And it’s so, so tiring. I want mindlessness and escape. I want reprieve. Childishly, I want to delve into a book for once and enjoy it just for having words printed on wood pulp and somewhere along the way I’ve come to feel like that’s an impossibility.
I love discussing books. I love critiquing books. But as a child, as a teen, I never went into a book feeling like I had to do those things once I was finished with it, however. If I did so, it was because I wanted to. If I didn’t, it was because I didn’t feel the need to do so. At some point in my meandering back around to becoming a reader, that idea that as an adult I couldn’t just read for the fuck of it has become my norm. I see it everywhere, from YouTube, to blogs, to personal social media—the art of simply reading is lost under the need to only consume that which you mean to critique and analyze, and if you’re not doing just that, then what is the point of your consumption of that media?
I miss being able to read a book just to read a book. I miss escaping into fictional realms and getting lost in adventures that are not my own and being able to leave it at that. I put in my 18 years of childhood to earn the right to do whatever I want, and I feel like I can’t even do the thing that I love most.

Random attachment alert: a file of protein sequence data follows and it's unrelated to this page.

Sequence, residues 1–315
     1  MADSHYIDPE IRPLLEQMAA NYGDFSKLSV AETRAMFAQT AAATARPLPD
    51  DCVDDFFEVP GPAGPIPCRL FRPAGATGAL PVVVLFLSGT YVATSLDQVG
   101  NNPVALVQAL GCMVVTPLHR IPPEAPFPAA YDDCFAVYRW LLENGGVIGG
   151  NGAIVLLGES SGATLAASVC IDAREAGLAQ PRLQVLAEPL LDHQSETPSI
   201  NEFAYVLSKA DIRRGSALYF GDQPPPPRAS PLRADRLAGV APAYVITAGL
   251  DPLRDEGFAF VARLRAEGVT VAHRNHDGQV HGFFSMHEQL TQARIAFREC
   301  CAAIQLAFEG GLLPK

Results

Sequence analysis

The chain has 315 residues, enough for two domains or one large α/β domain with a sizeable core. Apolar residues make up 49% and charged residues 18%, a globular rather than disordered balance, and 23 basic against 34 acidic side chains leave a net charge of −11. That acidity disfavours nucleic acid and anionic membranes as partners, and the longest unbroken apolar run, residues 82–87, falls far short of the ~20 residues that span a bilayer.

I should probably slide a disclaimer here, that I’m not bemoaning the idea of critique or of analyzing books; but I do hate the idea that it’s a requirement attached to the process of reading.
I’m not sure what’s had more of an influence on my precarious relationship with reading: my academic slip into adulthood that made reading repulsive to begin with, or this newfound apprehension with balancing reading for pleasure and reading for a purpose. What I do know, is I want to read like I used to. I want to not give a damn and dive into a book for 8 hours and enjoy myself in it.
I have a whole self as I type, dedicated to the books I want to read. It’s my TBR shelf, of books I’ve seen that look interesting to me, pilfered lovingly from my partner’s extensive book collection. YA, fantasy, horror, probably some romance. I have a little bit of everything and they’ve been sitting there for months because the want is there, but the idea is still so damn daunting it’s hard to sit and commit to a book for longer than a few chapters.
I’m still going to try.
There are a lot of things people tell you are like riding a bike—once you learn how to do them you never stop knowing how it’s done, even if you have to figure out how to get back into it. I like to think of reading as the same thing.